To take their time with things. Here it is very important to spend time with friends and family, and enjoy meals together often. — Jeff Greene, IES Study Abroad Grenada.

How to say “Please,” “Thank you,” and “How do you say…..?” in Spanish. Also, how to move about confidently using public transportation. Interns abroad should learn how to roll with the punches when dealing with the different attitudes towards time, planning and decision making. It will make them much more flexible and understanding when working in a U.S. setting with people from different backgrounds. — Betsey Tufano, IES Study Abroad Grenada.

That meals don't have to be inhaled while on the run and in 15 minutes. The pleasure is sitting down with friends and having a relaxed delicious meal that is more about quality than quantity. That you can work hard and be productive, but life doesn’t just have to be about work. Also, that going out for tapas after work is a tradition that should be taken back to the U.S.!  — Rich Kurtzman, Director, Barcelona Study Abroad Experience (BSAE).

How to relax and let go of some of the American tension and pressure to always arrive 10 minutes early and stress out in traffic. Just let it go and when you arrive, breathe out with a smile, “No pasa nada!”  — Liliana Jones, SOL Education Abroad.

Not only should students going abroad take the time to learn the Spanish language and culture, but it is extremely important for them to focus on themselves as well. You will learn more about yourself and your capabilities than you could ever imagine, and come home with a better sense of who you are and what you want out of life. — Kelsey Quitschau, Illinois Wesleyan University.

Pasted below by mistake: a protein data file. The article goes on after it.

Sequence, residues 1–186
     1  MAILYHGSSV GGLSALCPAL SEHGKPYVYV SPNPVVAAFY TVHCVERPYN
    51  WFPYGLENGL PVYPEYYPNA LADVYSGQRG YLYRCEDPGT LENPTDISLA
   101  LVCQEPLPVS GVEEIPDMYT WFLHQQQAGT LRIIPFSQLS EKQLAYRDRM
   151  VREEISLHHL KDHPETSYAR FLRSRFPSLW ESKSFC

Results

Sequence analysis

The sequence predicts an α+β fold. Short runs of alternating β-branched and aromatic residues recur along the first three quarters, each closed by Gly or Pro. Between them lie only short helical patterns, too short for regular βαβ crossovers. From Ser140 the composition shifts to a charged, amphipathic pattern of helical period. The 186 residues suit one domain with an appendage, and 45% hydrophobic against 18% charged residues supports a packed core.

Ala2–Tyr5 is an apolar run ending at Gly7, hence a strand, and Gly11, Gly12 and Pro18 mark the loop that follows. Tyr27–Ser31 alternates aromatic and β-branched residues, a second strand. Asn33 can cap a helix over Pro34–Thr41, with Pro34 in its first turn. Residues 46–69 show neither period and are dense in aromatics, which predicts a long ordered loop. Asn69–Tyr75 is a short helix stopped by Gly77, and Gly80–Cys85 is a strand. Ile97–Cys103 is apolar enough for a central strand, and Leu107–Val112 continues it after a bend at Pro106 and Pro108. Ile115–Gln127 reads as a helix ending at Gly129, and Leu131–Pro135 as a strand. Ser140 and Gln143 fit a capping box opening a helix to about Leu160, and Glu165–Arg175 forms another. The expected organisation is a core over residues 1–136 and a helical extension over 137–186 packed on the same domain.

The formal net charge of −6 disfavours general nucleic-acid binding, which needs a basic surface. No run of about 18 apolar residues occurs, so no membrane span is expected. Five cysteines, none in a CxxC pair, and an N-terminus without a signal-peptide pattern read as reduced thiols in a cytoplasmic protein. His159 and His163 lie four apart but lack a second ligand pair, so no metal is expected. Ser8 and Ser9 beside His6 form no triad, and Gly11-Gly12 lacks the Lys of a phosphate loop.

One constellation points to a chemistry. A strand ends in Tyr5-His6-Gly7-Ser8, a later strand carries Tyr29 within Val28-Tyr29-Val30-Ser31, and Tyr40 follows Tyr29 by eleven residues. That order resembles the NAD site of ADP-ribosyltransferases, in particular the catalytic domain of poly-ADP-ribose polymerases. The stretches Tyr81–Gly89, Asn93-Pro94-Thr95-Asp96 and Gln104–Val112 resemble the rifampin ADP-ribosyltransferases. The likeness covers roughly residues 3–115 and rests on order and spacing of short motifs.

Spanish, and patience! — Juliet Aylmer, Study Abroad Advisor, California State University-Northridge.

The City of Arts and Sciences in Valencia, Spain

The City of Arts and Sciences

Do You Know These Spanish Words & Phrases? You Should.

Cielo, which technically means ‘heaven’ but it’s my favorite term of endearment for a loved one! — Stephanie Jackson, Opportunities Abroad Program Manager, BridgeAbroad.

Aprovechar. It means ‘to take advantage of.’ All students should aprovechar everything Spain has to offer. — Jeff Greene, IES Grenada.

Sosurro, which means “whisper,” for the onomatopoeia. Or imprescindible, ‘absolutely necessary.’ — Betsey Tufano, IES Grenada.

No pasa nada, ‘everything’s all right.’ I love how it sounds, what it means and how it makes people feel. — Liliana Jones, SOL Education Abroad.

Tortuga! It was one of the first words I learned in Spanish when I was younger and is just so fun to say! Plus, turtles are pretty awesome. — Kelsey Quitschau, Illinois Wesleyan University.

Vale, ‘okay.’ — Juliet Aylmer, Study Abroad Advisor, California State University-Northridge.

Get started on your Spanish adventure and check out internship programs in Spain now.